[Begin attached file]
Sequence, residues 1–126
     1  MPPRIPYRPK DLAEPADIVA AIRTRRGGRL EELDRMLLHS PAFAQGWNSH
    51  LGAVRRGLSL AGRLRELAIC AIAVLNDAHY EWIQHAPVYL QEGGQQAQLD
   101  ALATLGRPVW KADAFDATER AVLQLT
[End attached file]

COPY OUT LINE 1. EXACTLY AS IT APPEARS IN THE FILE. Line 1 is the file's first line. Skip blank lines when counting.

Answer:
Sequence, residues 1–126